[Thread Prev][Thread Next]   >Date Index >Thread Index

Re: [wmx] Why I use wmx (was: Resize-thingy-bug)

Jason Smith - Tue Apr 20 19:35:32 1999

I am not alone! heh...

my problem with the source is that I am unfortunately not as versed as I
would like to be in c++... ripping apart the source is kinda hairy

But if it can be agreed that this is a worthwile contribution to the wmx
source pool, then I imagine I can find the motivation to implement it.
(self motivation somewhat lacking today) 

the gnome compliance stuff circulating on the list lately is a neat idea,
though I doubt that I would personally use it more than once ever... even
then merely out of curiosity rather than necessity. I can't imagine what
benefits that gnome compliance would offer beyond channel switching. and
the current method is more than adequate (IMHO -again I spout my
righteousness, feel free to topple me from my all-holy alter)


On 20 Apr 1999, Lasse Rasinen wrote:

> Jason Smith <jason@artcomp-design.com> writes:
> <about developing wmx>
> > it seems not a great many of us here are :)
> For background info, I like to occasionally hack wmx source for learning
> purposes and for the sheer hell of it.
> > My attraction to wmx is that is so noninvasive... I dont want a
> > filemanager on my desktop, I can easily launch one when I need it and
> > don't find the need that often. I also dont care for elaborate menus. I
> > only use 3 or 4 things often enough to warrant easy access... everything
> > else is worth the extra effort of having to actually type the name in an
> > xterm. menu launch folders in a wm are silly. (IMHO) 
> Agreed. My situation is quite similar. I use the middle-button root menu
> mainly as a quick bookmark list, ie. it launches up browsers to selected
> few sites. Then I pop up new xterms.
> As for managing windows, I like to 1) move them around, 2) hide them, and
> 3) resize them. I hardly ever use channels, even if they are convinient.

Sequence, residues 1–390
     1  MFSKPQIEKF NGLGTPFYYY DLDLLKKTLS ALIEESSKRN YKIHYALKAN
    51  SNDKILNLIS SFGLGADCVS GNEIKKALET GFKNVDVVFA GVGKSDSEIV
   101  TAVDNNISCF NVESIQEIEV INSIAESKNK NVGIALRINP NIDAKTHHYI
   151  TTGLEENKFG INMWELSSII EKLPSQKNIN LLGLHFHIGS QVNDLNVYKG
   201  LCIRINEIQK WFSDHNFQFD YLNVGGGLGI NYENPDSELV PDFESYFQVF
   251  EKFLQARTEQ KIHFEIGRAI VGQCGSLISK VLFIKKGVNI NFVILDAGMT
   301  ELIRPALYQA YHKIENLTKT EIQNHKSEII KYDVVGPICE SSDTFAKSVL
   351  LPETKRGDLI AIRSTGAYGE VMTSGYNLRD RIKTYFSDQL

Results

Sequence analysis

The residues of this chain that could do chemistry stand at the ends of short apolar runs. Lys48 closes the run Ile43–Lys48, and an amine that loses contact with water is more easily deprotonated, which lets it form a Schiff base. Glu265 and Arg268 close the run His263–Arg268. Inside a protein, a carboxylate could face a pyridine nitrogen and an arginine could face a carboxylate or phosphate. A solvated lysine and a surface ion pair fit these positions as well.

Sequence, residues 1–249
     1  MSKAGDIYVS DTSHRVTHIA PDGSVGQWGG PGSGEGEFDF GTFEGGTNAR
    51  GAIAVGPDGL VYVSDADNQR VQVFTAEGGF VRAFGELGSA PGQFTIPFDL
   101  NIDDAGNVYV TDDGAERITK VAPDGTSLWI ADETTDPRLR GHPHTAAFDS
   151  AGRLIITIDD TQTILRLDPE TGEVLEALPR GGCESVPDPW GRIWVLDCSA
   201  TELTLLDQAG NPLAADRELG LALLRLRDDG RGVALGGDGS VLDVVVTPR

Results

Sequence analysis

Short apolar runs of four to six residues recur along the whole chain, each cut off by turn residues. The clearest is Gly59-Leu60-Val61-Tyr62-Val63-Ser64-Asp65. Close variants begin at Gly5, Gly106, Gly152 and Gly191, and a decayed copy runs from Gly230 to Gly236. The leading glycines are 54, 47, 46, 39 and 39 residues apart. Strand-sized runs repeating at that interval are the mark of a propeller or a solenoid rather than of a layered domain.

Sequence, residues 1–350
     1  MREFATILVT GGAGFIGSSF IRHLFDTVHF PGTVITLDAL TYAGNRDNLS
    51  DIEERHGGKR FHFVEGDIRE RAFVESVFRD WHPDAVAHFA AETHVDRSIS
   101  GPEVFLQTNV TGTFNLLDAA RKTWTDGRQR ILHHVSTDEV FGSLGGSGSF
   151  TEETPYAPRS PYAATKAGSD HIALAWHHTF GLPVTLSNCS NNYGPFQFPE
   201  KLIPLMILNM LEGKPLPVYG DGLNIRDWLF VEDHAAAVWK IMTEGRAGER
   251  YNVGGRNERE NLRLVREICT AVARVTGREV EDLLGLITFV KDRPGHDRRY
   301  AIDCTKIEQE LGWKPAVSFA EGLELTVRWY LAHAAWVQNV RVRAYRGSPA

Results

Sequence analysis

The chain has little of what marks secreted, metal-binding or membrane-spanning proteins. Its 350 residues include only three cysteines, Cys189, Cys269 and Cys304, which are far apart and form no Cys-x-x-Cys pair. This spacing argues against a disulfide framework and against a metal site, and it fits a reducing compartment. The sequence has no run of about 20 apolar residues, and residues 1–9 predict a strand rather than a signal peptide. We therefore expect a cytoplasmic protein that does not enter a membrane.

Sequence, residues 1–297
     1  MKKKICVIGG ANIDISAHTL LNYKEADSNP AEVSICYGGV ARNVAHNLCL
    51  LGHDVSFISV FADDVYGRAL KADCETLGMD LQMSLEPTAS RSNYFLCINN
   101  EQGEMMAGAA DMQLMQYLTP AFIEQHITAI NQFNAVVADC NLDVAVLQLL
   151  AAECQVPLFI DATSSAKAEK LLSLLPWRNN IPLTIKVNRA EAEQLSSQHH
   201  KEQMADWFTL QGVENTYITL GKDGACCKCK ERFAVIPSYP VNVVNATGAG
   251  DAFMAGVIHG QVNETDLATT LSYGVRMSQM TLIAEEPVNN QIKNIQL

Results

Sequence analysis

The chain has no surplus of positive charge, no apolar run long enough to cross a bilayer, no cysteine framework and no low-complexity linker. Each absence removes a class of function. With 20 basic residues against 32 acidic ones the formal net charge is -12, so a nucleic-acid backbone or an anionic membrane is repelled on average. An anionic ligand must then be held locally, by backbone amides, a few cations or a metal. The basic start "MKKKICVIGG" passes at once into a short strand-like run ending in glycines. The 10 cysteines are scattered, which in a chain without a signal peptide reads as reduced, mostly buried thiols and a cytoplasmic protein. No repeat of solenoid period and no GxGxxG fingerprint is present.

> (I usually realize, after the work is done, that using another channel for
> task 1 and another channel for task 2 might have been more successful in
> battling against chaos ;)
> The reason I chose wmx and not some other wm might lie in configurability.
> That's right, I prefer having all my options in one file without needing
> to read miles of docs. With wmx there is only a limited number of options
> (with reasonable defaults, the most important thing in any program) and
> well, it just works.
> I don't use dynamic config either, since I don't see a reason to change
> my well working configs, but that's just me.
> Part of the reason I was so squeamish when wmx-5 first came out with was
> the reason it had some Sun-only things which I taught would lead to chaos
> and having n+1 defines for different features in the source. Well, they
> didn't and they don't bug me, so there.
> > I'm sure you could emulate most of wmx in enlightenment and someone prolly
> > already has written a theme to do it(?). Where does it leave wm(x)? with
> > the challenge of offering more performance/less memory and something
> > different enough to warrant it.
> The source is small and nice. I taught myself lot of nice X tricks reading
> and modifying the source. Most of the time the hacks didn't work, but
> that's another learning experience. There's still a lot I don't
> understand, so wmx will continue to be useful in the days to come.
> Why do you others use wmx, then? Because of small memory footprint, the
> coolness factor, usability or ...?